Horacio Etchegoyen

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Horacio Etchegoyen (born January 13, 1919) is a prominent Argentine psychoanalyst, who in 1991 was elected president of the International Psychoanalytical Association (IPA).

Life and career[edit]

Ricardo Horacio Etchegoyen was born in the Greater Buenos Aires area in 1919. His father, a physician, died when Etchegoyen was five months old. He studied at the Colegio Nacional de la Universidad Nacional de La Plata, a college preparatory school, and enrolled at the University of La Plata, earning a degree in medicine in 1948. During his university studies in the 1940s, he agitated for the university reform movement, which sought to strengthen secular education in Argentina. He was analyzed by Heinrich Racker, and began his psychoanalytic training in Argentina with Enrique Pichon Rivière, Marie Langer, León Grinberg, and José Bleger. Among his salient influences were the works of psychoanalyst Melanie Klein.[1][2]

He practiced privately in La Plata, and taught at the National University of Cuyo from 1957 to 1965. Etchegoyen headed the Psychiatry Department at the university, and earned recognition from the World Health Organization during his tenure. He relocated to London in 1966, where he worked in the Adult Department of the famed Tavistock Clinic, where he received analysis from Donald Meltzer. He returned to Argentina within a year, and joined the Argentine Psychiatric Association, where from 1970, he provided advanced training to doctoral candidates in the field.

Etchegoyen was the first Latin American doctor to have the honor of being elected President of the IPA, and continued to practice and attend international conferences until 2008.[2]

On psychoanalytic technique[edit]

'The book written by R. Horacio Etchegoyen, The Fundamentals of Psychoanalytic Technique (1991) Aperçu Karnac Books ed., New Ed, 2005, ISBN 1-85575-455-X], is undoubtedly a work of international standing, presented as it is in the form of a well-researched and well-written handbook which is easy both to read and to consult'.[3]

In it Etchegoyen examines how 'psychoanalytic technique is influenced by the wide variety of theoretical points of view...throughout the world from Klein to Lacan...and he emphasises the advantages and disadvantages of the various approaches in the light of his own clinical experience'.[4]

On the link between theory and practice, Etchegoyen wrote: "if you want to be rigorous in technique, sooner or later, you will run into the question of theory, because - as Freud stated - they are always coupled as a 'Junktim'" - one implies the other. Etchegoyen considered indeed that the 'permanent interaction of theory and technique is peculiar to psychoanalysis...[an] inextricable union'.[5]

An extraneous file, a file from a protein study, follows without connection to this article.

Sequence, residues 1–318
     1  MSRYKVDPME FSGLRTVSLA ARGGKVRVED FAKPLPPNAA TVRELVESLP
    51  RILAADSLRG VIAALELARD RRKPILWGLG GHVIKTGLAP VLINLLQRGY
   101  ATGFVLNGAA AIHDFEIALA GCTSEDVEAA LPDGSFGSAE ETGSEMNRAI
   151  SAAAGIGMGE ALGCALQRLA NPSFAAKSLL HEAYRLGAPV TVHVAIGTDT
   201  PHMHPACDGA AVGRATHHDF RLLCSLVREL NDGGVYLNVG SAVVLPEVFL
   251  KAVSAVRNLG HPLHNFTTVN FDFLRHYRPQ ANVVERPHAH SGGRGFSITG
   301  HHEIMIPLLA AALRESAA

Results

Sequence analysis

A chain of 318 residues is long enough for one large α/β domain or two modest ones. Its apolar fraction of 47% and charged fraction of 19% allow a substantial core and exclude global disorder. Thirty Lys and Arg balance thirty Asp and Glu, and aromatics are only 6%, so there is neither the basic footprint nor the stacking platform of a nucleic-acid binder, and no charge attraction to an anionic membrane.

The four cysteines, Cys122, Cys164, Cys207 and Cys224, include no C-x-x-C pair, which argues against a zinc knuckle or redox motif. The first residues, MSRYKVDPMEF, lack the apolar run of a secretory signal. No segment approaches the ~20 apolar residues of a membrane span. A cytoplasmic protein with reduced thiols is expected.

On the Lacanians[edit]

Etchegoyen held discussions in Buenos Aires in 1996 with Jacques-Alain Miller, a prominent figure in the Lacanian movement.[6] Etchegoyen invited Miller to the 1997 IPA Congress in Barcelona, where the latter's comments from the floor were greeted with warm applause.[7]

Etchegoyen's capacity for bridge-building with the Lacanians had already been presaged by his Fundamentals, where he had discussed Lacanian concepts in an impartial and unpolemical way.[8]

Criticism[edit]

It has been suggested that 'Etchegoyen's (1991) influential book, The Fundamentals of Psychoanalytic Technique may be read as an attempt to work through his (often conflicted) feelings towards two major influences on his own professional development - Melanie Klein, his dominant theoretical inspiration, and Heinrich Racker, his first analyst and mentor', whose work on transference/countertransference stands as a precursor of intersubjective psychoanalysis: Etchegoyen's 'retreat to a conservative Kleinian "one-person psychology"'[9] from Racker's influence would then appear as something of a retrograde step.

Etchegoyen's 'attention to certain similarities between the analysand's verbalization in the psychoanalytic process and Husserl's so-called eidetic reduction'[10] shows however his continuing sensitivity to the phenomenological aspects of the patient/analyst interaction.

See also[edit]

References[edit]

  1. ^ A Biographical Sketch of León Grinberg (1921–2007)
  2. ^ a b Federação Brasileira de Psicanálise (Portuguese)
  3. ^ Jean-Michel Quinodoz, Reading Freud (2005) p. 109
  4. ^ Quinodoz, p. 109
  5. ^ R. Horatio Etchegoyen, The Fundamentals of Psychoanalytic Technique (1991) p. 7
  6. ^ Jurgen Reeder, Hate and Love in Psychoanalytical Institutions (2004) p. 253
  7. ^ The transcription of this event was published in La Revue de La Cause freudienne and later commented on in Miller's "First Letter to an Enlightened Public" (Wooster Press, 2001)
  8. ^ Kirst Hall et al, The Problem with Psychoanalytic Psychotherapy (London 2010) p. 45
  9. ^ Emanuel Berman, Impossible Training (Routledge 2004) p. 85 and p. 88
  10. ^ Gunnar Karlsson, Psychoanalysis in a New Light (2010) p. 15